- Virus protein antigen subtype described by letter and number, H1 to H18 and N1 to N11.
For example, the 2009 H1N1 pandemic influenza virus was named as follows:
This is translated as: Influenza type A, isolated first in California, lineage (strain) number 04, year 2009, and type H1N1.
In another example, a Fujian influenza virus that circulated in 2002 was named as follows:
This is translated as: Influenza type A, first isolated in Fujian (a province on the Southeast coast of mainland China), lineage (strain) number 411, year 2002, type H3N2.
The Fujian H3N2 influenza of 2002 caused an unusually severe 2003–2004 flu season, partly because it spread rapidly and partly because the vaccine for that season had already been formulated when the Fujian H3N2 virus was identified.
This image shows how influenza viruses are named. The name starts with the virus type, followed by the place the virus was isolated, followed by the virus strain number (often a sample identifier), the year isolated, and finally, the virus subtype. Source: CDC.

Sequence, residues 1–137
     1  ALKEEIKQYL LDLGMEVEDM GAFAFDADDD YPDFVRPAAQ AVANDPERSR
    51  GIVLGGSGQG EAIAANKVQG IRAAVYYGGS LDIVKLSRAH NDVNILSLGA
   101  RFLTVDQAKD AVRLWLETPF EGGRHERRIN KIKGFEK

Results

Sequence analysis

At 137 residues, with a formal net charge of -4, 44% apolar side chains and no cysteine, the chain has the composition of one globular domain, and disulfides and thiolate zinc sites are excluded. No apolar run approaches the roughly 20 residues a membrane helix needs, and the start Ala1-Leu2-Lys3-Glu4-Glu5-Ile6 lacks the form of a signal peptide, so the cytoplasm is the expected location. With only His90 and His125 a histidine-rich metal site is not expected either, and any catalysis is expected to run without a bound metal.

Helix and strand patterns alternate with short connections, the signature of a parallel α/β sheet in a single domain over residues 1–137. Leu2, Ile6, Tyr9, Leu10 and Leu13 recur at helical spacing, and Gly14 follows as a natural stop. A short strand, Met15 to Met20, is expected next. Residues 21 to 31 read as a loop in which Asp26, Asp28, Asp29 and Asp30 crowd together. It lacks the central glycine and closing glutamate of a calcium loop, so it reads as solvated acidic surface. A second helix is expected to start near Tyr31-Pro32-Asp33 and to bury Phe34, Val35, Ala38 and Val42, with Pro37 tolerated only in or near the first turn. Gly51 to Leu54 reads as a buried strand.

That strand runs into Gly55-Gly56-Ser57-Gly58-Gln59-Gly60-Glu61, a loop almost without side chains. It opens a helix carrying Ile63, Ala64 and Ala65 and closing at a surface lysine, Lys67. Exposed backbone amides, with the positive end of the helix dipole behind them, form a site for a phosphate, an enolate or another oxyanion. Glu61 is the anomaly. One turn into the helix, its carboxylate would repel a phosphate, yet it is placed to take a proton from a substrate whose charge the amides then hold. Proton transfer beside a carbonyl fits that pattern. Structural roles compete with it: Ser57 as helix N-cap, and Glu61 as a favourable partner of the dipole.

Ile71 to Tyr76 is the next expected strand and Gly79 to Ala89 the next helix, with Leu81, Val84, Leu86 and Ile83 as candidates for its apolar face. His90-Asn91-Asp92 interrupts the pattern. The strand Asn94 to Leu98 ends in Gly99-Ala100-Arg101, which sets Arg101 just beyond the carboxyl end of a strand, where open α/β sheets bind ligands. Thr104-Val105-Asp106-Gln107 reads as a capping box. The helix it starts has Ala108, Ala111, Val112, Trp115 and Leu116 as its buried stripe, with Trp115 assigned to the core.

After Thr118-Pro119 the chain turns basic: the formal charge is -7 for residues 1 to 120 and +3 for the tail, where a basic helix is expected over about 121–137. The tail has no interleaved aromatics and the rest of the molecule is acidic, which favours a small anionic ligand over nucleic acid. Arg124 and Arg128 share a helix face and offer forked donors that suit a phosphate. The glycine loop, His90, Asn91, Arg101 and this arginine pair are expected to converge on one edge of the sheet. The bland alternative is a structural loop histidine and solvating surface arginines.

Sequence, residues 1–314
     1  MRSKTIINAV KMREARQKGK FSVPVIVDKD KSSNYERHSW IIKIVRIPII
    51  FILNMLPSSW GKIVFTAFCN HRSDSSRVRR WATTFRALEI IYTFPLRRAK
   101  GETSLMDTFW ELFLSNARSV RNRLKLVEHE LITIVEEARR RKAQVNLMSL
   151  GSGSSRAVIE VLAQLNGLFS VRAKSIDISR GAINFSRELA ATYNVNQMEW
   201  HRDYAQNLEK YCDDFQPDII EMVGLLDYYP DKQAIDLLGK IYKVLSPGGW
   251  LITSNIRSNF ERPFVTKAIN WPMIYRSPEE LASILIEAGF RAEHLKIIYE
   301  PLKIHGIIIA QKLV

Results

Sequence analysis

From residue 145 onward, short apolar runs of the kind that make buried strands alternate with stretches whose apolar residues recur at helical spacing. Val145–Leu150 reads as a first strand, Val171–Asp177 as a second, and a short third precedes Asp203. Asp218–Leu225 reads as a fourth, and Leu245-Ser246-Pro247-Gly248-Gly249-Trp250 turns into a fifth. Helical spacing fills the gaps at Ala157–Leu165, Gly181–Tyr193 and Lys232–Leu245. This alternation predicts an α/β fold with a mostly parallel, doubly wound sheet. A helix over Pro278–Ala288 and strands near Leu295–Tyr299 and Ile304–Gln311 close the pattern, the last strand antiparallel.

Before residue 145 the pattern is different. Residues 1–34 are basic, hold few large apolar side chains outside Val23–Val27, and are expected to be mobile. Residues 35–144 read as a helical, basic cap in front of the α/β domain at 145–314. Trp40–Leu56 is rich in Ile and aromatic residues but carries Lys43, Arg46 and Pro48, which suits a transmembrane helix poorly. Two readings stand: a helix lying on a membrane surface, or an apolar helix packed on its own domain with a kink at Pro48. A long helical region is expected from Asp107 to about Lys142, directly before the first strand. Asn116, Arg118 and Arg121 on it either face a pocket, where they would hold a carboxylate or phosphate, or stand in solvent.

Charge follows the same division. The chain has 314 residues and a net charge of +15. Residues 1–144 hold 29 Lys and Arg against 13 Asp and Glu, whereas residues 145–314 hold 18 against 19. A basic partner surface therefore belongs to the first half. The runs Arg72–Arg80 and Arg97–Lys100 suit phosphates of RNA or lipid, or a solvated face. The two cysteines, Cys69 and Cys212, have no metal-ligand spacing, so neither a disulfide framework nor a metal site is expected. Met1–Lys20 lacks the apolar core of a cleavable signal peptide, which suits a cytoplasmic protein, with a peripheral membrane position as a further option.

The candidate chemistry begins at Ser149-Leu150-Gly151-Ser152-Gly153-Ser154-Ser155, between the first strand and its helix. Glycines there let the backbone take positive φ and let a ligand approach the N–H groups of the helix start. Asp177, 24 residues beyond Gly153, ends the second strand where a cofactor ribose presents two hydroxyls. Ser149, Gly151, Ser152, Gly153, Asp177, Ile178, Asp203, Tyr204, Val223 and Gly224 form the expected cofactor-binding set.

Type A Influenza and Its Subtypes
Type A influenza viruses are divided into subtypes, based on the presence of two glycoproteins on the surface of the virus. These glycoproteins are called hemagglutinin (HA) and neuraminidase (NA). About 18 hemagglutinins have been identified, although generally, only H1, H2, and H3 are found in human influenza viruses. There are more than 100 types of neuraminidase, but only N1 and N2 have been positively linked to influenza epidemics in humans.
While more than 130 influenza A subtype combinations have been identified in nature, primarily from wild birds, there are potentially many more influenza A subtype combinations given the propensity for virus reassortment* (CDC, 2021, November 2).
*Reassortment: the process by which influenza viruses swap gene segments. This genetic exchange is possible due to the segmented nature of the viral genome and occurs when two differing influenza viruses co-infect a cell.